1. ## Group homomorphism

Let $\displaystyle \phi :G\to H$ be a group homomorphism.
(1) phi is injective iff ker phi is 1
(2) $\displaystyle |G:ker\phi |=|\phi (G)|$

proof of (1)
$\displaystyle \Rightarrow$
Suppose phi is injective. Let $\displaystyle a\in ker\phi$.
Then $\displaystyle \phi(a)=1$
$\displaystyle \phi(a^{-1})=\phi^{-1}(a)=1^{-1}=1=\phi(a)$
Since $\displaystyle \phi$ is injective, $\displaystyle a=a^{-1}$
Therefore, $\displaystyle 1_G\mapsto 1_H$

$\displaystyle \Leftarrow$
Suppose ker phi is 1. If $\displaystyle \phi(x)=\phi(y)$, then $\displaystyle \phi^{-1}(y)\phi(x)=1$
$\displaystyle \Rightarrow\phi(y^{-1}x)=1$ So $\displaystyle y^{-1}x\in ker\phi$
$\displaystyle y^{-1}x=1\Rightarrow y=x$

Is the above correct?

How do I prove part 2?

2. ## Re: Group homomorphism

This isn't quite right. What if $\displaystyle H$ has more than one element of order two? But, you have just proven it in your second line. You know that $\displaystyle \phi(1)=1$ and if $\displaystyle \phi(a)=1$ then by the DEFINITION of injectivity $\displaystyle a=1$. Your converse is correct though, good job!

Part two is just a restatement (in a sense) of the first isomorphism theorem. Know it?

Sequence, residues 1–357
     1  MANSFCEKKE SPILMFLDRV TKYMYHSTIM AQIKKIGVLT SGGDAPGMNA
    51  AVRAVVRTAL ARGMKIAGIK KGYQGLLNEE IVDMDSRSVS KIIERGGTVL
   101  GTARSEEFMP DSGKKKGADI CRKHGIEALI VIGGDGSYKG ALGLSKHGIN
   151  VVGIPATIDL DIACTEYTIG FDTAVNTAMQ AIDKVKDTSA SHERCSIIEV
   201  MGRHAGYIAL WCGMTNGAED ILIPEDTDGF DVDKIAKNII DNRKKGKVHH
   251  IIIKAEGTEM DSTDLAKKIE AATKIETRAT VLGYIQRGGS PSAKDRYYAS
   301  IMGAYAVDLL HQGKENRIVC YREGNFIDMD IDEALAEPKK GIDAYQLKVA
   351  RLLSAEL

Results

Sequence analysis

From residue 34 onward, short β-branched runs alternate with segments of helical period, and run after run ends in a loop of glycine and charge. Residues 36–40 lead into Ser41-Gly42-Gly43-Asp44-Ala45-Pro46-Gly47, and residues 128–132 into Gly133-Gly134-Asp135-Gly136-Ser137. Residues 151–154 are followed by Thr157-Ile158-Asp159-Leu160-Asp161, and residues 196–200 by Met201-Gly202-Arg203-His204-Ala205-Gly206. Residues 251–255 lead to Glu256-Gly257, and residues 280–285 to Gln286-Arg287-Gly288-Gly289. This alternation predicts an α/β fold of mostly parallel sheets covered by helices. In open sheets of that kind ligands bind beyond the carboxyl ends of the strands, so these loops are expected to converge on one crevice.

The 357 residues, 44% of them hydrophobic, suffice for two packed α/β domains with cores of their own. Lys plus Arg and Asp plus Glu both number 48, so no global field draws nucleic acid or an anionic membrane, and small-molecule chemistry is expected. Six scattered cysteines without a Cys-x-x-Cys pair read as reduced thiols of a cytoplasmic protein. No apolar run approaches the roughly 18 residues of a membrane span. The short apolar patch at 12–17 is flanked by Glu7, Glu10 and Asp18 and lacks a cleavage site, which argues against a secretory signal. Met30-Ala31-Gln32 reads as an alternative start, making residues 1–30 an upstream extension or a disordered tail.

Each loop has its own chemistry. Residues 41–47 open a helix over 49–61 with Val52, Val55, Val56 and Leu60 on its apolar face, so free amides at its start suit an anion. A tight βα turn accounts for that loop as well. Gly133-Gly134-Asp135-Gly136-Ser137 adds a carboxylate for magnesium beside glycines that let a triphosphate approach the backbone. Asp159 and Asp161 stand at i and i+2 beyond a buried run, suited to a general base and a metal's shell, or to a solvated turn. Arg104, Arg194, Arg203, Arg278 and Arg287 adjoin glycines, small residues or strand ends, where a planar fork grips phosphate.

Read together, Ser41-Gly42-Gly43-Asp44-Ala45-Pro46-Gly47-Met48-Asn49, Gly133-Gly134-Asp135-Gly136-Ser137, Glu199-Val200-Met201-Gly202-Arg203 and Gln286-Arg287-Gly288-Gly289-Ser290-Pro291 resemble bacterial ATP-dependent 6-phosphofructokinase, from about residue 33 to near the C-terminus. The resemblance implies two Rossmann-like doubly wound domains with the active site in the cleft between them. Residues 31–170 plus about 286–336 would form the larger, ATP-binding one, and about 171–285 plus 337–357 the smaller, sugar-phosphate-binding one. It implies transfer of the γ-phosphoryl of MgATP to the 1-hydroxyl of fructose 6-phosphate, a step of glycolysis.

3. ## Re: Group homomorphism

Originally Posted by Drexel28
This isn't quite right. What if $\displaystyle H$ has more than one element of order two? But, you have just proven it in your second line. You know that $\displaystyle \phi(1)=1$ and if $\displaystyle \phi(a)=1$ then by the DEFINITION of injectivity $\displaystyle a=1$. Your converse is correct though, good job!

Part two is just a restatement (in a sense) of the first isomorphism theorem. Know it?
How do I do the first part of part one then?

4. ## Re: Group homomorphism

Originally Posted by dwsmith
Let $\displaystyle \phi :G\to H$ be a group homomorphism.
(1) phi is injective iff ker phi is 1
(2) $\displaystyle |G:ker\phi |=|\phi (G)|$

proof of (1)
$\displaystyle \Rightarrow$
Suppose phi is injective. Let $\displaystyle a\in ker\phi$.
Then $\displaystyle \phi(a)=1$
as alex pointed out, you're essentially done here, by the injectivity of φ (because φ(1_G) = 1_H, right?)

$\displaystyle \phi(a^{-1})=\phi^{-1}(a)=1^{-1}=1=\phi(a)$
Since $\displaystyle \phi$ is injective, $\displaystyle a=a^{-1}$
Therefore, $\displaystyle 1_G\mapsto 1_H$
this, on the other hand, is completely incomprehensible to me. in the first place φ^-1(a) doesn't exist, because a is in G, and has no pre-image under φ.

i suspect you meant (φ(a))^-1, however, all that does is show that a is either 1, or of order 2.

$\displaystyle \Leftarrow$
Suppose ker phi is 1. If $\displaystyle \phi(x)=\phi(y)$, then $\displaystyle \phi^{-1}(y)\phi(x)=1$
$\displaystyle \Rightarrow\phi(y^{-1}x)=1$ So $\displaystyle y^{-1}x\in ker\phi$
$\displaystyle y^{-1}x=1\Rightarrow y=x$

Is the above correct?

How do I prove part 2?
is there an isomorphism between G/ker(φ) and φ(G) (perhaps mapping the coset g(ker(φ)) --> φ(g) would work)?